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Garden Cities of ‘To-morrow’: A Manifesto for the UK’s Garden Cities of 2050 Joanne Preston The  proposal  for  adopting  garden  city  principles,i  as  a  means  of  tackling  the  ongoing  UK  housing  shortage,  has  gained   significant  momentum  in  recent  years.  In  the  current  political  debate  resurgence  in  Howard’s  ideals  is  been  used  to   suggest  social  progress  with  the  garden  city  model’s  practice  of  the  private  financing  and  community  stewardship  of   assets  used  to  support  the  Coalition  Government’s  ‘localism’  rhetoric.  A  manifestation  of  this  can  be  seen  in  the  2012   National  Planning  Policy  Framework,  which  explicitly  recommends  that  local  planning  authorities          ‘consider  the   application  of  garden  city  principles’.ii     A  thesis  has  uncovered  how  the  adoption  of  the  garden  cities  low-­‐density,  suburban  typology  into  historic  national   housing  policy,  has  led  to  social  inequalities  by  disproportionately  advantaging  those  members  society  in  a  ‘nuclear’   family.    Through  history,  this  has  resulted  in  a  set  of  social  ideals  relating  to  domesticity  and  family  life  been   embedded  in  the  architecture  of  Howard’s  model.iii     Examples  from  the  enforcement  of  the  Estate  Management  Scheme  in  Welwyn  Garden  City,  aimed  at  preserving  key   garden  city  ‘values’  by  regulating  appearance  of  individual  properties,  has  shown  how  this  typology  encourages  an   emphasis  on  community  vigilance,  thus  the  vilification  and  exclusion  of  those  who  do  not  comply  with  the  aesthetics   of  the  garden  city  typology.  These  findings  reinforce  the  contemporary  critique  that  the  garden  city  through  denying   the  existence  of  anything  other  than  the  status  quo,  encourages  the  middle  classes  to  live  in  ‘private  residential   clubs’.iv  The  current  revival  of  Howard’s  Garden  City  Model  is  a  movement  towards  the  privatisation  of  the  public   realm.     Garden Cities of To-morrow 2050 imagines an alternative typology for the proposed future generation of UK Garden Cities. Based on a more transient idea of ‘home’, the project envisages a future where everyone can have a place to call home in the city, greenbelt and suburb. The new housing typology is formed from an infrastructure, which is linked with existing rail networks and made habitable by kinetic walls and furniture modules. Heavily influenced by Howard’s Cul-de-Sac formations the tessellation of the proposed typology forms a patchwork landscape of contained gardens and terraces. The dwellings are designed to accommodate a community rather than a ‘nuclear family’ with the paternation allowing for a continual densification and growth of the typology as required and also encouraging neighbourly interaction by ensuring that divisions between one dwelling and the next are unclear. The typology challenges the recent drive towards homeownership and its association with financial gain and social mobility and instead suggests a beneficial lifestyle, which results from a shared and more flexile approach to ‘home’.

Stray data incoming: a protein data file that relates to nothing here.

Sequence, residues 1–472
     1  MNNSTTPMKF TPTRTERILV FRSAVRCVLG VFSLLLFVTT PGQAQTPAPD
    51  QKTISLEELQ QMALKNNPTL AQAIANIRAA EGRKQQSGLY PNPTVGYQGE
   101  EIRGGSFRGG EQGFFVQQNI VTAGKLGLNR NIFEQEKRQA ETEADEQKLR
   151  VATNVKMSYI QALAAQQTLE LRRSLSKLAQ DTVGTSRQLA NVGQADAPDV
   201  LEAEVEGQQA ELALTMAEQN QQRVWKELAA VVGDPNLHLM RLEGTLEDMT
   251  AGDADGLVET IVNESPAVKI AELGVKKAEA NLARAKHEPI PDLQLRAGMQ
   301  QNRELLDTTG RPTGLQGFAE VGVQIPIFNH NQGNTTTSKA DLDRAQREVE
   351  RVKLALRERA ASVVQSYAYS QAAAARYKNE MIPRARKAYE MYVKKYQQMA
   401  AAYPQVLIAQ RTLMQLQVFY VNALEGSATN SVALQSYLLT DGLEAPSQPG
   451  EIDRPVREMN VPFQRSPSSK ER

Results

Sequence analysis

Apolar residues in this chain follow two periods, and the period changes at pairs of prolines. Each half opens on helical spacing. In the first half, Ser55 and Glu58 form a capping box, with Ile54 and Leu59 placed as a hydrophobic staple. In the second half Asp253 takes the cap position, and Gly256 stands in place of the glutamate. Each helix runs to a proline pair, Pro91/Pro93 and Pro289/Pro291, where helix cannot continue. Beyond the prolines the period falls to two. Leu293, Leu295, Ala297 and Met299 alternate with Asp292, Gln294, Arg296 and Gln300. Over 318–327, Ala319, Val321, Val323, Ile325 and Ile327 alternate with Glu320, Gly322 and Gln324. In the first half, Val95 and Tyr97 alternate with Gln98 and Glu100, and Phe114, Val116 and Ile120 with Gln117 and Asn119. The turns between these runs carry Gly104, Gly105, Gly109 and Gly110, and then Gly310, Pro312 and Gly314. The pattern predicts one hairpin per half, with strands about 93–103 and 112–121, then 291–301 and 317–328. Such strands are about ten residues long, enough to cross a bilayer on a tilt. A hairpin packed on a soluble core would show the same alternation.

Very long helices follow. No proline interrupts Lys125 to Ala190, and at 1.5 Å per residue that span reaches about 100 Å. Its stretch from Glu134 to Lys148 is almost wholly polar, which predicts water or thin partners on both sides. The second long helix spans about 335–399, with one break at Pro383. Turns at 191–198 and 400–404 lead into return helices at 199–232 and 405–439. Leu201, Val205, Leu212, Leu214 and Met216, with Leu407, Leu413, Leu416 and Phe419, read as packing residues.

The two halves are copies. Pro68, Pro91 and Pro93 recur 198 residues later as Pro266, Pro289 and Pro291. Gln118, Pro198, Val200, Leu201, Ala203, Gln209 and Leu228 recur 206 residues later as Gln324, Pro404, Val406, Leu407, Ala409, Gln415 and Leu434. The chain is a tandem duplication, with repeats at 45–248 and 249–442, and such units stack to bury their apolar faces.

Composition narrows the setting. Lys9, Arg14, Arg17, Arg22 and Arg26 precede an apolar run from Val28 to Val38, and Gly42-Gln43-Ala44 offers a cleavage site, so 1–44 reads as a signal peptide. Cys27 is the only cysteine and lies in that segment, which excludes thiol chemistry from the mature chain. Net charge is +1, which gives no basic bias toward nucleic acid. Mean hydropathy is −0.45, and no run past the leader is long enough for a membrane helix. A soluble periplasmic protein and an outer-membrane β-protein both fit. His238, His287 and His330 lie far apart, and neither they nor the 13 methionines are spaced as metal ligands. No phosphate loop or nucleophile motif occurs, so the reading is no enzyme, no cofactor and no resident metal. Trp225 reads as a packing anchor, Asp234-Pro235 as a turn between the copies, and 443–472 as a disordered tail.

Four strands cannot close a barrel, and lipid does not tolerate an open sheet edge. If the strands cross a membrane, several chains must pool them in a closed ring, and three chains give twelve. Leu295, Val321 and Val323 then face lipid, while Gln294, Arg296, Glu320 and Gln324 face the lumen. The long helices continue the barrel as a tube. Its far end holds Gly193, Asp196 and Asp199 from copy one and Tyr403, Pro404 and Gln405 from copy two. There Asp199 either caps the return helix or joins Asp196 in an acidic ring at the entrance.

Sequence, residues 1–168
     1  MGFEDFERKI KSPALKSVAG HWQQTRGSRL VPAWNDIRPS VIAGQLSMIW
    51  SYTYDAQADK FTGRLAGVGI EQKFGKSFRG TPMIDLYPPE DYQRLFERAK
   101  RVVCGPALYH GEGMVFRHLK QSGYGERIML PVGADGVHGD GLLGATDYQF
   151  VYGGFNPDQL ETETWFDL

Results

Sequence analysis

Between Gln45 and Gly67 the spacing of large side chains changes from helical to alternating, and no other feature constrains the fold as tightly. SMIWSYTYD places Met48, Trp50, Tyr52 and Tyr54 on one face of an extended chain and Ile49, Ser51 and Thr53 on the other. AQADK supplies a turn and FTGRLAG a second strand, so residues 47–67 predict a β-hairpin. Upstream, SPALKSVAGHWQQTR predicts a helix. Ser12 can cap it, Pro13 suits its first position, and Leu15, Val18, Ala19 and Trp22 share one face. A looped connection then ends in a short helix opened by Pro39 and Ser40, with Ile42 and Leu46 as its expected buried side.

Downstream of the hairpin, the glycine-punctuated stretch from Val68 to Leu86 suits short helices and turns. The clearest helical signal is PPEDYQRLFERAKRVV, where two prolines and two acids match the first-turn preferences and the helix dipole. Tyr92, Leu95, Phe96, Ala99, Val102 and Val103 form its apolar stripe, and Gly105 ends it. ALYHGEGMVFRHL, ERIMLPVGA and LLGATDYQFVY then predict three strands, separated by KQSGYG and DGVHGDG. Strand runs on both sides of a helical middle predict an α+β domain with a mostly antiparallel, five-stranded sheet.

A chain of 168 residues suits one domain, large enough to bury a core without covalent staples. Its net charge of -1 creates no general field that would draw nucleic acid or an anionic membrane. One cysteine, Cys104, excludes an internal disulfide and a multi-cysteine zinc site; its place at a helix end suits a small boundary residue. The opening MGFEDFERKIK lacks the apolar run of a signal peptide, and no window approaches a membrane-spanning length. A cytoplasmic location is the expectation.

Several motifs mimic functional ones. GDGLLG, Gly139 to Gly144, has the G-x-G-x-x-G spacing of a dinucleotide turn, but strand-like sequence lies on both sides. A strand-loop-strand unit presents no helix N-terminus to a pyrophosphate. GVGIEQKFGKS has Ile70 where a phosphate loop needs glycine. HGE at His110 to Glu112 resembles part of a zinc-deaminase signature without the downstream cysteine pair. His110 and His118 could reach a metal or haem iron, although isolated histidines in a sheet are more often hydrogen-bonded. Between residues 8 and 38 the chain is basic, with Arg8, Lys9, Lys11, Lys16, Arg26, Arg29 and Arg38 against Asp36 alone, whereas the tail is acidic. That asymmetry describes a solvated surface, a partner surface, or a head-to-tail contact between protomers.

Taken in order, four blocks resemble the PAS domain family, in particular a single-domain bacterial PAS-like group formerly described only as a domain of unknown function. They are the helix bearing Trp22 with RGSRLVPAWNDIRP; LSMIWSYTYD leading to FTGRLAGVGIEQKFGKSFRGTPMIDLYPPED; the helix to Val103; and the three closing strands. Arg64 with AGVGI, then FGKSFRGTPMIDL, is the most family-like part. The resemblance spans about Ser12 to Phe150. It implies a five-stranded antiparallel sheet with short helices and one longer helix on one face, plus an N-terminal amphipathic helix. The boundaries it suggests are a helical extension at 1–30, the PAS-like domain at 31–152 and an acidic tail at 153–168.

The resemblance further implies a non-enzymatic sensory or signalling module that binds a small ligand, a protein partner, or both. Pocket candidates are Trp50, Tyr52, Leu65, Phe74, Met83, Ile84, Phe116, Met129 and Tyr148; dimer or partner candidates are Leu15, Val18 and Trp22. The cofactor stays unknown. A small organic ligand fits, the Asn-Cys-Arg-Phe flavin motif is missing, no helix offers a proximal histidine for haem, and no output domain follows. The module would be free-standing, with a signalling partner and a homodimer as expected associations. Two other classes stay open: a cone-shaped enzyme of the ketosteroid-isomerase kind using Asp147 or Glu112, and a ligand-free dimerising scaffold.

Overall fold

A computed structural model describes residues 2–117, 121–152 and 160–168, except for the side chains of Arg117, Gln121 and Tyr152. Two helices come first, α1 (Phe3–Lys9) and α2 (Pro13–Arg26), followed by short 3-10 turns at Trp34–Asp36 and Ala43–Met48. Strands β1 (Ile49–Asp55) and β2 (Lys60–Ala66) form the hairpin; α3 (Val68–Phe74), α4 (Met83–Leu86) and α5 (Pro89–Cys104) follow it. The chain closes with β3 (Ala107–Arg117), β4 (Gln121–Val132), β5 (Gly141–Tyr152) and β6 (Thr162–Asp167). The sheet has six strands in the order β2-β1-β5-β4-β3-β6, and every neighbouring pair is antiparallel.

Howard,  E.  ‘Garden  Cities  of  To-­Morrow’  (London:  1898).    DCLG,  National  Planning  Policy  Framework  (March  2012).  P.19.   iii  Davidoff  et  al.  (1976)   iv  Webster  E.  ‘Gated  Cities  of  Tomorrow’  (London,  Routledge:  2002).   i

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